The updated Falcon Heavy is now the world's most powerful operation rocket with 27 engines firing at liftoff. It launched into the sky Thursday evening with Arabsat-6A, a Saudi Arabian satellite built by Lockheed Martin and operated by Saudi Arabia.
Eight minutes after liftoff, SpaceX landed two of the first-stage boosters back at Cape Canaveral, side by side, just like it did for the rocket's debut last year. The core booster landed two minutes later on an ocean platform hundreds of miles offshore -- the only part of the first mission that missed.
SpaceX chief Elon Musk warned in advance things might go wrong, given the upgraded version of the rocket with unproven changes. But everything went exceedingly well and the satellite ended up in the proper orbit.
SpaceX employees at company headquarters in Southern California cheered every launch milestone and especially the three touchdowns.
"The Falcons have landed," Musk said in a tweet that included pictures of all three boosters.
NASA offered swift congratulations, tweeting: "From our iconic launch pads at @NASAKennedy, we will continue to support the growing commercial space economy.”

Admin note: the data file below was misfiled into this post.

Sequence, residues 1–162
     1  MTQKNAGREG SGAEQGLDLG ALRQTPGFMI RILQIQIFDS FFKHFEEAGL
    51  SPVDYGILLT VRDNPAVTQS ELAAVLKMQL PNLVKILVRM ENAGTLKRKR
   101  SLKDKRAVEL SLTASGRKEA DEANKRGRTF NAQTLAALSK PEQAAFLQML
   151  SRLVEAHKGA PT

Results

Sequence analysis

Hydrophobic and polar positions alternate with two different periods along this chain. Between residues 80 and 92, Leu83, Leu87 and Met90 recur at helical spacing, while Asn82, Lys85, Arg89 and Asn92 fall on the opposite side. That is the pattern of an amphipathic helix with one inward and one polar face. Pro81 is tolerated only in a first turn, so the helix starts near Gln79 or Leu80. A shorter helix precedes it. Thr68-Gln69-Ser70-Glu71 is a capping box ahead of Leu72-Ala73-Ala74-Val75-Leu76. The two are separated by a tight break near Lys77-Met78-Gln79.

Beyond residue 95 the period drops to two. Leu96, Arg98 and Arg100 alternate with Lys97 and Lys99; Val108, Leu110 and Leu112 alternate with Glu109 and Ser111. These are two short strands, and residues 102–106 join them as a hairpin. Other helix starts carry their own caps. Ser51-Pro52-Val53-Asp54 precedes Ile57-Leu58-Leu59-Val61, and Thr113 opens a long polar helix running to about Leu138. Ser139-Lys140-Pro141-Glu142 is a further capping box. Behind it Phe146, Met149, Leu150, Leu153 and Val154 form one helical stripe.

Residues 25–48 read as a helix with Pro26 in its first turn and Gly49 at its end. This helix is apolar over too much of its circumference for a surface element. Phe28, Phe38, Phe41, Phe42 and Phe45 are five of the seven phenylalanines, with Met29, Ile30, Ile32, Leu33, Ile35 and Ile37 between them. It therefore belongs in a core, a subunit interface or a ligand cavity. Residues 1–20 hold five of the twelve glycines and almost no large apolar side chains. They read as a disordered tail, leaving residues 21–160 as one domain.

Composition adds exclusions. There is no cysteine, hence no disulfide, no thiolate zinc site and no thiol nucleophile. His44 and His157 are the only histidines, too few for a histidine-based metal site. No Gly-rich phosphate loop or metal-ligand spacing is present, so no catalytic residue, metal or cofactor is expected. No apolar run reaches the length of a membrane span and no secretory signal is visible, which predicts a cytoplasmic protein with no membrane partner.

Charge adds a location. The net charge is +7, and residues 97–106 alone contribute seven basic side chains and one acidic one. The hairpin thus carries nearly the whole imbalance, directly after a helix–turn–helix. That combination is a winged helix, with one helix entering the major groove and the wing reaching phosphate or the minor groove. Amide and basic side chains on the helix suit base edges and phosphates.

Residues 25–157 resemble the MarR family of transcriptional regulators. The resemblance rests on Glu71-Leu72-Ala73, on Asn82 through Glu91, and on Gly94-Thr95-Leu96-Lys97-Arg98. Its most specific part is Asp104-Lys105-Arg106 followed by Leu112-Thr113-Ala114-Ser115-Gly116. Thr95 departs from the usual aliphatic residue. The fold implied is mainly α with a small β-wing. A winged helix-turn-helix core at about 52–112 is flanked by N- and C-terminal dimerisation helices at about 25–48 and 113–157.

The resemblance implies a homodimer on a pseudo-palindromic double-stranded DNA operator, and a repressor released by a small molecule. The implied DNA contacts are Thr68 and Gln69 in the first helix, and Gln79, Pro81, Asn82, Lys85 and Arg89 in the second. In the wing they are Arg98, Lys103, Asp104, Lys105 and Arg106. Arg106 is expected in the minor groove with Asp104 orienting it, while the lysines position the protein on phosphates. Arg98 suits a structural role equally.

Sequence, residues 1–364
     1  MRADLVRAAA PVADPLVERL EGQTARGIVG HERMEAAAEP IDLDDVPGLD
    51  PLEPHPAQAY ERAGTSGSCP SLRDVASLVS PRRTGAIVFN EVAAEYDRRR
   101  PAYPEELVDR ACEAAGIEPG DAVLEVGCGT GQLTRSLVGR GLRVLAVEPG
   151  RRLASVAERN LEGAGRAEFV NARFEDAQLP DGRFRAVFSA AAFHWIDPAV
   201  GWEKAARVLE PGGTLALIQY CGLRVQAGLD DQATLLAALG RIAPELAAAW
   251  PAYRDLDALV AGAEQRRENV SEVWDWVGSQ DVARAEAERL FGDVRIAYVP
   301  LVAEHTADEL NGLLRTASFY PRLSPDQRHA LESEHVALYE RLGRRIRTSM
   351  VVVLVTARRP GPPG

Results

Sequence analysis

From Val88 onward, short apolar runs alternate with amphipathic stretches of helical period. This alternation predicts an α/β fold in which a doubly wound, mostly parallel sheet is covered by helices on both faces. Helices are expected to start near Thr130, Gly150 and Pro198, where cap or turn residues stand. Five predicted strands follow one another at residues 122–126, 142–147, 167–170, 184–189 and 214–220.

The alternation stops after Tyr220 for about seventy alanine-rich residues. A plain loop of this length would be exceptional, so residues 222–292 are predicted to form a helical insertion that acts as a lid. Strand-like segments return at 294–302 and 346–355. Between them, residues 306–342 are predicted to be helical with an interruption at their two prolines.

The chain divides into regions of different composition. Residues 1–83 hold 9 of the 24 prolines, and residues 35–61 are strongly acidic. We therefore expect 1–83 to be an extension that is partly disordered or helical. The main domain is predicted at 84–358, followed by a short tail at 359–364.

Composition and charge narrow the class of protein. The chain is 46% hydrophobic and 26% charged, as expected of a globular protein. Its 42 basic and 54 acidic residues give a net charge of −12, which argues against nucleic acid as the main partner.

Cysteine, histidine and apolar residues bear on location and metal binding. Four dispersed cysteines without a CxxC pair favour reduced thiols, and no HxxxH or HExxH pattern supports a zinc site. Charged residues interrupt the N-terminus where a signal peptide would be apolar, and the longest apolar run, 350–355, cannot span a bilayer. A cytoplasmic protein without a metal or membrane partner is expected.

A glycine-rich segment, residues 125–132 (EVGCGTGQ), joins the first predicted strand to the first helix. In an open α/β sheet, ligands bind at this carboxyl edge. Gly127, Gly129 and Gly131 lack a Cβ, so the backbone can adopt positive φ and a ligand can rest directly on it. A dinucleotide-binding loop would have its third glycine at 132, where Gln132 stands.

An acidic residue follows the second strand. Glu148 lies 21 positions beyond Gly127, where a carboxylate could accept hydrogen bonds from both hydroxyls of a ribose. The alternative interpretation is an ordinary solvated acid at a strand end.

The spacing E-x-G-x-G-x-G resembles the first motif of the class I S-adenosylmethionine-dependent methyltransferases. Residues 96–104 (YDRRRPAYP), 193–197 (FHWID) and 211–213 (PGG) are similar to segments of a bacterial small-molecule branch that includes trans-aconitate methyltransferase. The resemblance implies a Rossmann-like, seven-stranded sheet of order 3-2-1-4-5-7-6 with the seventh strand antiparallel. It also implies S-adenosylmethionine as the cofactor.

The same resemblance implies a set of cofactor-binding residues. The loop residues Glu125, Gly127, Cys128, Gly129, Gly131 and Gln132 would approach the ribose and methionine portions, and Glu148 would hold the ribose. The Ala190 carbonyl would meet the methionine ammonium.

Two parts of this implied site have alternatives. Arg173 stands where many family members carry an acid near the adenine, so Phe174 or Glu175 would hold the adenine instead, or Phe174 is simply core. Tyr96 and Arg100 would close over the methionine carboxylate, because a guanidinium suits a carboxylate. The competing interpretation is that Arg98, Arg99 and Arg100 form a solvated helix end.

Musk put his own Tesla convertible on last year's demo. The red Roadster — with a mannequin, dubbed Starman, likely still at the wheel — remains in a solar orbit stretching just past Mars.
SpaceX plans to launch its next Falcon Heavy later this year on a mission for the U.S. Air Force. The boosters for that flight may be recycled from this one.
NASA Administrator Jim Bridenstine last month suggested possibly using a Falcon Heavy — and another company's big rocket — to get the space agency's Orion capsule around the moon, minus a crew, in 2020.
Bridenstine said everything is on the space table as NASA strives to meet the White House's goal of landing astronauts back on the moon by 2024.
The Associated Press contributed to this report.